Bayani was left with no recourse but to plunge into theater full time, joining the Cultural Center of the Philippines’ Tanghalang Pilipino.
“When I realized that I would be making only P50 a day with TP, I couldn’t tell my mother about it because she was so proud I was in the CCP,” she recalls.
Even then, people recognized a quality in Bayani that even she didn’t know she had.
“Tanggap ko na noon na taumbayan ako forever,” she says, meaning she was content to be a bit player in the ensemble cast, or the chorus.
But TP’s artistic director Herbie Go insisted she be cast against type in her first lead role, as Maria Clara in “Noli Me Tangere: The Musical.”
“For some reason, he fought for me,” she says. “I’m so thankful because for the first time, someone expected more from me, and believed I could do it. I had to step up. I never thought that I could be the lead.”
Later, Go told her that he saw her abilities from the beginning; it was Bayani who hadn’t realized it yet. It would take time and struggle before she overcame her resistance and embraced her destiny as an actress.
Tragically, by the time she had graduated to lead roles, her mother’s health had started to fail. A spinal injury led to paralysis, and it was at the hospital where they learned she also had thyroid cancer.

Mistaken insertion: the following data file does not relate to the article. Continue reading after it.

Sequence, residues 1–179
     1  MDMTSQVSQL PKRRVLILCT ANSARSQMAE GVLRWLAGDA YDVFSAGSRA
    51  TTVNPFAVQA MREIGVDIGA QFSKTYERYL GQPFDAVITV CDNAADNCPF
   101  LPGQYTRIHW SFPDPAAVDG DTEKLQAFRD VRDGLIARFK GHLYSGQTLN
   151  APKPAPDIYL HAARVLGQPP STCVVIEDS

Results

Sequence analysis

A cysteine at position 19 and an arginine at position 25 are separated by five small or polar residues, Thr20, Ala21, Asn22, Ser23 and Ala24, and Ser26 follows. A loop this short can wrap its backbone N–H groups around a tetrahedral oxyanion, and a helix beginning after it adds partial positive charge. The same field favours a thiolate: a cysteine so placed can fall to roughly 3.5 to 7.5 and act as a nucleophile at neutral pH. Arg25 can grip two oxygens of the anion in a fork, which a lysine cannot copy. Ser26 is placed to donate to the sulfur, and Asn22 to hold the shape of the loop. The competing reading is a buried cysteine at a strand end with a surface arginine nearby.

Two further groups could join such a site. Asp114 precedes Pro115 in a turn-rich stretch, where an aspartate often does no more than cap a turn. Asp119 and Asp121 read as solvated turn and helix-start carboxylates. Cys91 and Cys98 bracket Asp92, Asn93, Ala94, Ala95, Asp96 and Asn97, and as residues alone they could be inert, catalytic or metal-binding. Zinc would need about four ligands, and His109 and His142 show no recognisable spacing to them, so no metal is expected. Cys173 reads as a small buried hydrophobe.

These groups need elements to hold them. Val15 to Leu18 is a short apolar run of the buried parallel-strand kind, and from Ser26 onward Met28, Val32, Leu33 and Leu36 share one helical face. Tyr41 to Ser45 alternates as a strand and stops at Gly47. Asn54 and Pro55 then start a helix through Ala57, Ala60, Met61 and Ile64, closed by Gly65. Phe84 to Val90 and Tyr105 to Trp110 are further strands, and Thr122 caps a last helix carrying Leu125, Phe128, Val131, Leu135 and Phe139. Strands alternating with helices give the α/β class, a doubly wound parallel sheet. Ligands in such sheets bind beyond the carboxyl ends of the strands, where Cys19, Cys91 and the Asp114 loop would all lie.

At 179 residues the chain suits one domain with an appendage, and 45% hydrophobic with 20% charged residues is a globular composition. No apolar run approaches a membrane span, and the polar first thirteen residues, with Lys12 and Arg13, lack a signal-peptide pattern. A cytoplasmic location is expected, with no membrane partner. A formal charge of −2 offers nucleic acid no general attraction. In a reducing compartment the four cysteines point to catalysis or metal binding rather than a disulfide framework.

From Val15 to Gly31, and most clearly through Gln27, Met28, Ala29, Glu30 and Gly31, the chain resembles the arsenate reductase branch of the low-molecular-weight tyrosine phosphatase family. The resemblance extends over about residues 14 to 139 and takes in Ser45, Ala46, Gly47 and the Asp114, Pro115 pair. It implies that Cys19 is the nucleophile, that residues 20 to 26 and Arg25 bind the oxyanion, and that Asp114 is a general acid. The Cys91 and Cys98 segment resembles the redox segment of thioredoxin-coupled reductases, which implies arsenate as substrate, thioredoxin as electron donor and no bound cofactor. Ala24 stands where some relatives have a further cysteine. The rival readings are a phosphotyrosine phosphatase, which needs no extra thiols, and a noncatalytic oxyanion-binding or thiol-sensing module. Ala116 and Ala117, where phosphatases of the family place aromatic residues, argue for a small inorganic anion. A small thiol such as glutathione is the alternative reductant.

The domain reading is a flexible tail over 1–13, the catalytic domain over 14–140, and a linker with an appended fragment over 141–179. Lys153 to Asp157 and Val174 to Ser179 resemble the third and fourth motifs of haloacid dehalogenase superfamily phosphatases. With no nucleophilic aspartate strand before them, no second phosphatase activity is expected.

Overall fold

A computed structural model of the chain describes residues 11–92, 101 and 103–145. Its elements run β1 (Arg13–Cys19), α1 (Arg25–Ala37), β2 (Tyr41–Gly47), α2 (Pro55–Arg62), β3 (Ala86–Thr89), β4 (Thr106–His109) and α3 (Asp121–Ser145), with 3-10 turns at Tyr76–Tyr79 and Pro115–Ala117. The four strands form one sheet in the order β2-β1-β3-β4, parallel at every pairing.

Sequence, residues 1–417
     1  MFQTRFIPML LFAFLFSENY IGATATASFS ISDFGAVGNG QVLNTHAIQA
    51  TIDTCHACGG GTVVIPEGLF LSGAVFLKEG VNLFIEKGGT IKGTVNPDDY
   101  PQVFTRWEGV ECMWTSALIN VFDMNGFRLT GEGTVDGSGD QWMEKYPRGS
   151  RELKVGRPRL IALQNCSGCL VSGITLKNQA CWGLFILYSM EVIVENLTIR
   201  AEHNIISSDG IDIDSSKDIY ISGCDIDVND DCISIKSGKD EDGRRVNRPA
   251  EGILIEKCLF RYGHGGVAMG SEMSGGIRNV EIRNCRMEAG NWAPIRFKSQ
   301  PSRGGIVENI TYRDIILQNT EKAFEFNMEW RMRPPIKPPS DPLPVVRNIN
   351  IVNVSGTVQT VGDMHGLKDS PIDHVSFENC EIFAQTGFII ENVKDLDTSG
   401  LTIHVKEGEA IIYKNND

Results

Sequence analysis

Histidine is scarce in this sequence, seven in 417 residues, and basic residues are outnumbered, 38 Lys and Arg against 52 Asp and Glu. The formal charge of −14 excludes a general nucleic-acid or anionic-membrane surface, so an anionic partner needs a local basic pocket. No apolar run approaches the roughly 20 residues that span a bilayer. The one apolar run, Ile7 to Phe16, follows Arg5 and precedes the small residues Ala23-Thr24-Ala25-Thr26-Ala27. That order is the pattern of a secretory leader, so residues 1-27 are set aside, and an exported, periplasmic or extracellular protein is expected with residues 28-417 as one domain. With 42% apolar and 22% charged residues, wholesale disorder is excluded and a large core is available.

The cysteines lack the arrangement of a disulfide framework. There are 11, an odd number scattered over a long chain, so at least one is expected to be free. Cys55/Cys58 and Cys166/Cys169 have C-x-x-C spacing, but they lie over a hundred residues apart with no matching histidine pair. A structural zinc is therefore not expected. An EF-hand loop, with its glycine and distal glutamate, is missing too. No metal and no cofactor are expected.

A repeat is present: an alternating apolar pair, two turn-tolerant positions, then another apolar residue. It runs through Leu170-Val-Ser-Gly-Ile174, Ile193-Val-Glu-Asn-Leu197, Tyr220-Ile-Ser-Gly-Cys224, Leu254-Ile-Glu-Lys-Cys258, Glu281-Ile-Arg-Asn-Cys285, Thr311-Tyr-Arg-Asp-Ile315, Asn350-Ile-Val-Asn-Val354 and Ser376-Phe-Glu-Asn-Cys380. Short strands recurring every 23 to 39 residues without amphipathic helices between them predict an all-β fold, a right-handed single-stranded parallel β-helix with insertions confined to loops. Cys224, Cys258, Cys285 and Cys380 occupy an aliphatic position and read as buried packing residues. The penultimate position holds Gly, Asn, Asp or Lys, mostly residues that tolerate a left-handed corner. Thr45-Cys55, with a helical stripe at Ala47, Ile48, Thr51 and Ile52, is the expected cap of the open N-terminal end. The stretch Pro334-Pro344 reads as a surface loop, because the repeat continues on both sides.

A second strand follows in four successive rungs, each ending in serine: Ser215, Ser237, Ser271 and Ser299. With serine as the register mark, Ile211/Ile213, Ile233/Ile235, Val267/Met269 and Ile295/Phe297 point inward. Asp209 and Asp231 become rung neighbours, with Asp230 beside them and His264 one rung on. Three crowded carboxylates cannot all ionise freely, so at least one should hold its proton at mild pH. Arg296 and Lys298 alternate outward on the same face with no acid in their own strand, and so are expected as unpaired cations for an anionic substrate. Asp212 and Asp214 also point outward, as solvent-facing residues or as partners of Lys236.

Her mother never got to see Bayani play Maria Clara on stage.
But the actress’s curious blind side to her own abilities also complicated her entry into the world of independent cinema.
In fact, when a friend told her that she was better suited to film or television because her acting was more for the camera than a live audience, Bayani was deeply offended.
“My whole life up to that point I had thought I was born for the stage,” she recalls. “I thought I would die onstage! When he told me that I was better suited for the camera, I wanted to slap him!”
Once again, other people saw her abilities before she herself did. After her triumph at Cannes, her friend asked her if she remembered what he told her and they shared a good laugh about it.
Despite her reluctance, the world of independent cinema beckoned.
Bayani’s first film role was for Nick Olanka’s Cinemalaya feature “Ang Huling Araw ng Linggo.” She had done a few more small films when she came to the attention of Lav Diaz, who was then casting his epic “Death in the Land of Encantos.”